FMC Earnings Call Nuggets: Lighter Lithium Guidance and Strong Q1 Expectations
Lighter Lithium Guidance
John McNulty – Credit Suisse: Just a couple of questions. So, on the Lithium guidance in particular for the first quarter it seems lighter than I would expected for the business to be flat year-over-year considering all the weather issues you had last year. So, I guess two questions around that. First, does it include the charge that you talked about or is that ex-charge? And if it’s ex-charge then what’s happening, because it does seem like your volumes at least in the commodity side were really almost non-existent last year and so the idea that they are going to be flat with that this quarter seems a little bit low?
Pierre Brondeau – Chairman, President and CEO: John, first, the numbers we are talked about are ex-charge and I want to refer back to my last points. Where we are in Lithium today, and you know it’s been a struggle. Yes, we had the weather issue at the beginning of the year, but I think most importantly, we now realize that the process, the manufacturing process itself was clearly damaged during the expansion. And the damage was significant to a point that we do have to really find the manufacturing process. We are implementing those changes which are requiring, changing equipment and process and start on the plant at times. So, we’re going to have a full quarter from a manufacturing standpoint in Argentina which is at the beginning of a process because from the brines what we are doing, releasing the chloride and carbonate and then the other derivatives. So, that’s where we are, second quarter we will see real improvement, still challenging and I think it’s in the second half of the year with the process change we do have in place right now. I mean we have remedies; we have engineering firms and our own enduring staff working on it. It’s going to take into the third quarter to see the full production rate.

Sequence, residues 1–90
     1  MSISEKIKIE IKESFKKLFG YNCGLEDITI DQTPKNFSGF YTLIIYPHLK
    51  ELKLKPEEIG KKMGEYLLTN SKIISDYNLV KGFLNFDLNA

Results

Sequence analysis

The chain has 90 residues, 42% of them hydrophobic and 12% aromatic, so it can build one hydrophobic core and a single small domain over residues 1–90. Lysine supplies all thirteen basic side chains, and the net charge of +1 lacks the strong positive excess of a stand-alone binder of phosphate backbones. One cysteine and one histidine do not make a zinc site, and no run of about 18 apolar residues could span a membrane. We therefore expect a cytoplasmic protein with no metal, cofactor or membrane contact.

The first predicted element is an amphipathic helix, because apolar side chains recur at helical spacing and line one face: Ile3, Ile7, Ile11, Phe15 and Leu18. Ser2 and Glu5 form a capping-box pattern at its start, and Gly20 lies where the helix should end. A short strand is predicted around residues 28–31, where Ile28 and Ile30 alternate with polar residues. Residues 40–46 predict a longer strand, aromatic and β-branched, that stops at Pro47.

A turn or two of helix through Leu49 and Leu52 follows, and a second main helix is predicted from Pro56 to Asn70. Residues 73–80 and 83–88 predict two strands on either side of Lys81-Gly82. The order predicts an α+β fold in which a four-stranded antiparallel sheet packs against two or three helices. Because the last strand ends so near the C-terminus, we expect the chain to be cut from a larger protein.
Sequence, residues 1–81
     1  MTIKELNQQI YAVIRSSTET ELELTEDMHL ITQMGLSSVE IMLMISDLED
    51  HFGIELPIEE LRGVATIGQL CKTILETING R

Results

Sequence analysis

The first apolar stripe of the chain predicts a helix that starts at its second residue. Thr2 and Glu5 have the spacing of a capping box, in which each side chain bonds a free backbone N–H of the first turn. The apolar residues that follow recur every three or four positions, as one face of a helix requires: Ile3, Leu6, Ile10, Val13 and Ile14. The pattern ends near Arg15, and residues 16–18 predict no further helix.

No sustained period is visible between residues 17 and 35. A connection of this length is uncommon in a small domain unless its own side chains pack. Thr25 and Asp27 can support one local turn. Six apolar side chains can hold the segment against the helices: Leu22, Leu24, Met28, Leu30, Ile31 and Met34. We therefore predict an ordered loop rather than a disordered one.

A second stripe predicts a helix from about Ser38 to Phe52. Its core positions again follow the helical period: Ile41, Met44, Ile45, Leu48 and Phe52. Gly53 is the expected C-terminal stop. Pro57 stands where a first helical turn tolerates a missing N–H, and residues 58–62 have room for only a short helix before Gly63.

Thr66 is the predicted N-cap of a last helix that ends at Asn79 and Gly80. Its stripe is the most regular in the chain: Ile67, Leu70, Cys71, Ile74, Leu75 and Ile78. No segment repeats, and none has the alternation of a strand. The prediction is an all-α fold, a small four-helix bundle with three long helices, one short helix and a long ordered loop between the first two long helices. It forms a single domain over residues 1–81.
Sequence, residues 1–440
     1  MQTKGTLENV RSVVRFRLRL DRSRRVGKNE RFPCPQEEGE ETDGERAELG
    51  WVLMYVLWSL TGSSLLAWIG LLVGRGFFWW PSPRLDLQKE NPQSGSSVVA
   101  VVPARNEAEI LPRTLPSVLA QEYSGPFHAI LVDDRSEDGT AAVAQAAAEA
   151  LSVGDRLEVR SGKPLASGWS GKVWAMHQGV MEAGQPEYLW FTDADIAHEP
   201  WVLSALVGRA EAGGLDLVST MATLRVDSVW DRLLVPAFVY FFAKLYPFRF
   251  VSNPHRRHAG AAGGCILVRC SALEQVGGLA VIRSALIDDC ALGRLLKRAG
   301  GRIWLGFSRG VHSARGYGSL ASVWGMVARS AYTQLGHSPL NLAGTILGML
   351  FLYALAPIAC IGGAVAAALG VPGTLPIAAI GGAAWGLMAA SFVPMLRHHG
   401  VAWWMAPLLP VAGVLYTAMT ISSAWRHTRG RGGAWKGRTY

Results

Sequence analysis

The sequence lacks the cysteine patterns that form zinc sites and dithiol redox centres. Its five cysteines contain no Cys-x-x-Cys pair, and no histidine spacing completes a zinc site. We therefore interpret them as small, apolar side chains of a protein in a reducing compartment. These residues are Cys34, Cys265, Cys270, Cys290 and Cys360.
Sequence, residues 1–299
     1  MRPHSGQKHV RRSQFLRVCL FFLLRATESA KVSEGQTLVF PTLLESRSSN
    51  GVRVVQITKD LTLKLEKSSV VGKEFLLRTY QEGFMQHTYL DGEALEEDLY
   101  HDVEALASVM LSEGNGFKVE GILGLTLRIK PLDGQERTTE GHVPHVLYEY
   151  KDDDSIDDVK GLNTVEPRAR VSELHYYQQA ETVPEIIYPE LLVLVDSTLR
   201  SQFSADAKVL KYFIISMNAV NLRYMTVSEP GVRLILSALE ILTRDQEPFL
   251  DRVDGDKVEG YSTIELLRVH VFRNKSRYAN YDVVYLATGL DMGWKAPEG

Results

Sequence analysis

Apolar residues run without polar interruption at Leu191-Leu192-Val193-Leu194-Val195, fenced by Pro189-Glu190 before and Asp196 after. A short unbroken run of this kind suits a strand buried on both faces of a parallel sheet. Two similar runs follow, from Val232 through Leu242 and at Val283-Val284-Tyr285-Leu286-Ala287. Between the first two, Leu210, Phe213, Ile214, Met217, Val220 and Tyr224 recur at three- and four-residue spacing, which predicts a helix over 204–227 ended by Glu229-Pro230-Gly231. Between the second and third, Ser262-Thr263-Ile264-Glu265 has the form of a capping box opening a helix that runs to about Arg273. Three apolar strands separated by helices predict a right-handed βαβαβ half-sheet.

John McNulty – Credit Suisse: Then on the North Carolina change, the restructuring around that? I thought your North Carolina plant was largely an upgrading facility where you start, where you were producing some pretty high end products. So, I guess what changes are happening there. I know you are changing your product mix at all, or is it just kind of streamlining of the process in North Carolina?